Mountain Lions are most active in the winter, but are they real in Massachusetts?

Massachusetts residents over the years claimed to have see a mountain lion. Did they really see one or did they think what they saw was a mountain lion? We'll explore this.

Mountain lions, not to be confused with bobcats (which most people see due to how common they are), vary in size.

Bobcats have a much smaller tail, weigh much less and are not as long as a mountain lion.

What Is A Mountain Lion?

The mountain lion—also known as the cougar, puma, panther, or catamount—is a large cat species native to the Americas. Mountain lions are large, tan cats. Their bodies are mainly covered in tawny-beige fur, except for the whitish-gray belly and chest. Black markings decorate the tip of the tail, ears, and around the snout.


Mountain lions vary hugely in average body size depending on geographic location—their size is smallest closer to the equator and largest closer to the poles. Generally, though, males weigh between 115 and 220 pounds (52 and 100 kilograms) and females weigh between 64 and 141 pounds (29 and 64 kilograms).


Information from

In July of 2017 in the town of Stockbridge, Massachusetts, a social media post on Facebook got a ton of engagement when Bob Fournier snapped a pic of what appeared to be a mountain lion.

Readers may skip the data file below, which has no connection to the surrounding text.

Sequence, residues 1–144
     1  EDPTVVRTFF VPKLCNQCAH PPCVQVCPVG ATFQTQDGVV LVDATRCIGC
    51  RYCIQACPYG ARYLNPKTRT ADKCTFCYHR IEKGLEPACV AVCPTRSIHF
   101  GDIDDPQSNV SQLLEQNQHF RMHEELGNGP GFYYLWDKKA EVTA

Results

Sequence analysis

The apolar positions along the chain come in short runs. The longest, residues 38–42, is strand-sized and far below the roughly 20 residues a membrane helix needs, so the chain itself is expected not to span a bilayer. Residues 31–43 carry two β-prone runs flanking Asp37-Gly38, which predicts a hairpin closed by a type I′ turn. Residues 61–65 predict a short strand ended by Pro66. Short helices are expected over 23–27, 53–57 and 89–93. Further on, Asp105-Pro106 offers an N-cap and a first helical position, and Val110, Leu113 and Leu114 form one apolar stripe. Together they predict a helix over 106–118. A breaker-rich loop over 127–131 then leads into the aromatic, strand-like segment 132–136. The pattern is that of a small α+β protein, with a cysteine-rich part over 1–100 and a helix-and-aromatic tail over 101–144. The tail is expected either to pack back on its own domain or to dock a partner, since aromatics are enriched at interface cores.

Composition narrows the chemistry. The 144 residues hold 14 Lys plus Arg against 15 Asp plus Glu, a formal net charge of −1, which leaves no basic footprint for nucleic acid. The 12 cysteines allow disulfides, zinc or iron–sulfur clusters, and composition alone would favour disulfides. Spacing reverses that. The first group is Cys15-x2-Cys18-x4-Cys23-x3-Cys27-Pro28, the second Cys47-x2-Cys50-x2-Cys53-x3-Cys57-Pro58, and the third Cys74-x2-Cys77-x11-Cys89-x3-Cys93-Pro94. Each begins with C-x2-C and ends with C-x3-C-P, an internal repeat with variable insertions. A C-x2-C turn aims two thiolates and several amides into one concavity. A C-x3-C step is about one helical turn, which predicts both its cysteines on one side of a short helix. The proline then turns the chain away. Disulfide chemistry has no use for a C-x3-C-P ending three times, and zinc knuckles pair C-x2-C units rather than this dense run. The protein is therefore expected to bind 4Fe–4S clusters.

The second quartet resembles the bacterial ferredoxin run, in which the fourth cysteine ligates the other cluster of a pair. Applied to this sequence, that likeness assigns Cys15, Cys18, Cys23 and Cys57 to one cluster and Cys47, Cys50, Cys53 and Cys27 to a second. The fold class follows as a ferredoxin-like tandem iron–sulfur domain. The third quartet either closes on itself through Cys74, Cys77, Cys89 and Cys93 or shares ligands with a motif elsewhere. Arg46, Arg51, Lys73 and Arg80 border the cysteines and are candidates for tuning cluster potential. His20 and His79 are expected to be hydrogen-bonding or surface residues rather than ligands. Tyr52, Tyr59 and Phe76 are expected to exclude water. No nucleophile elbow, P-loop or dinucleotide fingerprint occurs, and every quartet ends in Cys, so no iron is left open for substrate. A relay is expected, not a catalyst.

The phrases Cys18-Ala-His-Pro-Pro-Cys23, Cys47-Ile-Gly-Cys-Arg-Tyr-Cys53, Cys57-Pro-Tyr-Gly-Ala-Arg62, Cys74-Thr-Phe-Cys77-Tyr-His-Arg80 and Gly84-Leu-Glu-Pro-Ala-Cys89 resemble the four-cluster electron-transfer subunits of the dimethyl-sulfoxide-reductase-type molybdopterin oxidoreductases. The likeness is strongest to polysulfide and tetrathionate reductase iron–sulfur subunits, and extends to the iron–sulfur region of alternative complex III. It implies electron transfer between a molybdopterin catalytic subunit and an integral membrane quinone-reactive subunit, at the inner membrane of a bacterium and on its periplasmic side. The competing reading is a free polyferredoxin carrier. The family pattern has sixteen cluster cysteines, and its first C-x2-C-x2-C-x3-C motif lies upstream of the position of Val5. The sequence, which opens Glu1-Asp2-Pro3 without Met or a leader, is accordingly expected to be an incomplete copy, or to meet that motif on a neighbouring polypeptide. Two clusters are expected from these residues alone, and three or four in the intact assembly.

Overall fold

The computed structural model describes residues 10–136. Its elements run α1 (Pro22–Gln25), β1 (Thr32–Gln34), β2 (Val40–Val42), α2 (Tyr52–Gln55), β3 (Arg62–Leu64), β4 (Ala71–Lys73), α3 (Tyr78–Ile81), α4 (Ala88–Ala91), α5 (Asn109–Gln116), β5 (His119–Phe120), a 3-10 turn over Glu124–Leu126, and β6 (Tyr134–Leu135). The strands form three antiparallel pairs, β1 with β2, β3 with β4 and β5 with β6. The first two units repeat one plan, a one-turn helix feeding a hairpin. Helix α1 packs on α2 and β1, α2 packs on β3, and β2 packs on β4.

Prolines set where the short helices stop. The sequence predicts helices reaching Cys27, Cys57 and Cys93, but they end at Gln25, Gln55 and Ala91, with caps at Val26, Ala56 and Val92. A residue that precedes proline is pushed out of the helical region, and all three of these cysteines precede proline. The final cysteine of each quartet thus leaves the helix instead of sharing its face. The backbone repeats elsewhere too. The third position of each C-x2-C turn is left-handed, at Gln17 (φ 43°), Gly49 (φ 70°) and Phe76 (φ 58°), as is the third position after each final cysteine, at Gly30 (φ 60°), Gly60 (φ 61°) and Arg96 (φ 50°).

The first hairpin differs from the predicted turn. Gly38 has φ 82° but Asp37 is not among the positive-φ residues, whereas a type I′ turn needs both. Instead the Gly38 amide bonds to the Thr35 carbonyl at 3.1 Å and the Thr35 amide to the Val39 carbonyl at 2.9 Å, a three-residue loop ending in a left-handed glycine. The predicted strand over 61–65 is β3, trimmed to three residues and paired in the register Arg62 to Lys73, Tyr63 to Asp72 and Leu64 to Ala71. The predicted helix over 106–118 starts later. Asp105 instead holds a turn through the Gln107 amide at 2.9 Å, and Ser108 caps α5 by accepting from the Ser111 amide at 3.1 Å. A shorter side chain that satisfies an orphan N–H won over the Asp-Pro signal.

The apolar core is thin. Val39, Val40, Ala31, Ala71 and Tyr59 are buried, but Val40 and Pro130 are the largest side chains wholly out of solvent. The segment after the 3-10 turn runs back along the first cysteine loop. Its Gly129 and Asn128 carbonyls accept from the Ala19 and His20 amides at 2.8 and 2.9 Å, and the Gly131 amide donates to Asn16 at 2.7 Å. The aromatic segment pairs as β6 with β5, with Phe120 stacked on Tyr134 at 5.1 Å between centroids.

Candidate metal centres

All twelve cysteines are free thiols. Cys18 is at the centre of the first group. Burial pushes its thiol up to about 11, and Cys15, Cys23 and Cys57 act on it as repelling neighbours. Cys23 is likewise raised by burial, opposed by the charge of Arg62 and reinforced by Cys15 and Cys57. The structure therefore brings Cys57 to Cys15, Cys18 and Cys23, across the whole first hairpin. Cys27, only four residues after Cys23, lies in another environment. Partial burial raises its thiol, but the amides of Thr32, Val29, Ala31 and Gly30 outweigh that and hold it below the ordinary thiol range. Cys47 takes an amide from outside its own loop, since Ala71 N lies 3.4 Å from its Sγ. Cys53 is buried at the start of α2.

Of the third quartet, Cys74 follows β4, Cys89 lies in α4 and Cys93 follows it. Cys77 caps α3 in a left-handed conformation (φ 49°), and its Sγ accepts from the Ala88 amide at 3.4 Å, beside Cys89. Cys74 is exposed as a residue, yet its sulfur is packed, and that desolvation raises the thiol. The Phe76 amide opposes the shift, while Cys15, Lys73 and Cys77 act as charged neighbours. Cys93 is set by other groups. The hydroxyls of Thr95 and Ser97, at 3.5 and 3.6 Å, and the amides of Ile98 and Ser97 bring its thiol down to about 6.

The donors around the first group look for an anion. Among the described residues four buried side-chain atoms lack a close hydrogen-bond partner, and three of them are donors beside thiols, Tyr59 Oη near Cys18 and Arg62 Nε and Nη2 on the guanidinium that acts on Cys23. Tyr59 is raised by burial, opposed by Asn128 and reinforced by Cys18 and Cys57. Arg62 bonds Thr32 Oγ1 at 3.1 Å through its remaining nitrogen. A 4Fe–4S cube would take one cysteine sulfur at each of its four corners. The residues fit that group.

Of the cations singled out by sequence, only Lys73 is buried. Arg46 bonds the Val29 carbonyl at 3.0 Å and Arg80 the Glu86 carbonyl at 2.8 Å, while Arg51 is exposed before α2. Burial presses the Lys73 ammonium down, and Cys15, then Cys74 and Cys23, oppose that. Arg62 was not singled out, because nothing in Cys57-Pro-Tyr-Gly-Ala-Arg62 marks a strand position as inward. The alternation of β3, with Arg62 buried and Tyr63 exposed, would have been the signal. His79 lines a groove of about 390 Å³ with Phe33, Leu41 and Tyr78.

Bob Fournier Facebook
Bob Fournier Facebook


Do Mountain Lions Exist in Massachusetts?

Most say no.

There is no evidence of a reproducing mountain lion population in Massachusetts, according to

There have been only two cases where evidence supports the presence of a mountain lion in Massachusetts. All other reports of mountain lions in Massachusetts have turned out to be other animals.

There was also a report of a mountain lion in the town of Sheffield, MA in 2019 as well as many others.

Confirmed reports of mountain lions in Massachusetts
There are two records of mountain lions in Massachusetts that meet the evidence requirements. MassWildlife cannot investigate or confirm mountain lion reports without any evidence.

Case 1
In April 1997, experienced tracker John McCarter found scat near a beaver carcass at the Quabbin Reservation. McCarter sent a sample to Dr. George Amato of the Wildlife Conservation Society in New York and Dr. Melanie Culver of the University of Maryland. Both labs confirmed the sample came from a mountain lion.

Case 2
In March 2011, DCR forester Steve Ward photographed a track trail in the snow near the Gate 8 boat launch area of Quabbin Reservoir. These tracks were fresh and well photographed. Tracking experts Paul Rezendes, Charles Worsham, George Leoniak, and Dr. Mark Elbroch examined the photos. These tracks may have been made by the mountain lion documented in Greenwich, Connecticut on June 5, 2011, and killed by a vehicle six days later.

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Gallery Credit: Laura Ratliff

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